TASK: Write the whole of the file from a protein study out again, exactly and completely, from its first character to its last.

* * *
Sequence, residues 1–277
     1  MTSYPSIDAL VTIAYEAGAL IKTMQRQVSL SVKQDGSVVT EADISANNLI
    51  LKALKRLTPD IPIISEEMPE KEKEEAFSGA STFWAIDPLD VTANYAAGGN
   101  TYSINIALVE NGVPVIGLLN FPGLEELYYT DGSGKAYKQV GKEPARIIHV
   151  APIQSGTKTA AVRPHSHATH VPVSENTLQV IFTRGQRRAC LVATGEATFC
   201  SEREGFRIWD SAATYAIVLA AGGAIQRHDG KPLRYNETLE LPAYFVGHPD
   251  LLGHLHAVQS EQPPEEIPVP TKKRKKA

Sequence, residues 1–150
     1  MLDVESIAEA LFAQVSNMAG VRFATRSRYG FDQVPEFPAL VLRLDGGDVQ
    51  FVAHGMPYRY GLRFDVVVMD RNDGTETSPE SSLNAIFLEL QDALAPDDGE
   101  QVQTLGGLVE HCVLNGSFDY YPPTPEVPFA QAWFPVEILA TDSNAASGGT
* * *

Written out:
Sequence, residues 1–277
     1  MTSYPSIDAL VTIAYEAGAL IKTMQRQVSL SVKQDGSVVT EADISANNLI
    51  LKALKRLTPD IPIISEEMPE KEKEEAFSGA STFWAIDPLD VTANYAAGGN
   101  TYSINIALVE NGVPVIGLLN FPGLEELYYT DGSGKAYKQV GKEPARIIHV
   151  APIQSGTKTA AVRPHSHATH VPVSENTLQV IFTRGQRRAC LVATGEATFC
   201  SEREGFRIWD SAATYAIVLA AGGAIQRHDG KPLRYNETLE LPAYFVGHPD
   251  LLGHLHAVQS EQPPEEIPVP TKKRKKA

Sequence, residues 1–150
     1  MLDVESIAEA LFAQVSNMAG VRFATRSRYG FDQVPEFPAL VLRLDGGDVQ
    51  FVAHGMPYRY GLRFDVVVMD RNDGTETSPE SSLNAIFLEL QDALAPDDGE
   101  QVQTLGGLVE HCVLNGSFDY YPPTPEVPFA QAWFPVEILA TDSNAASGGT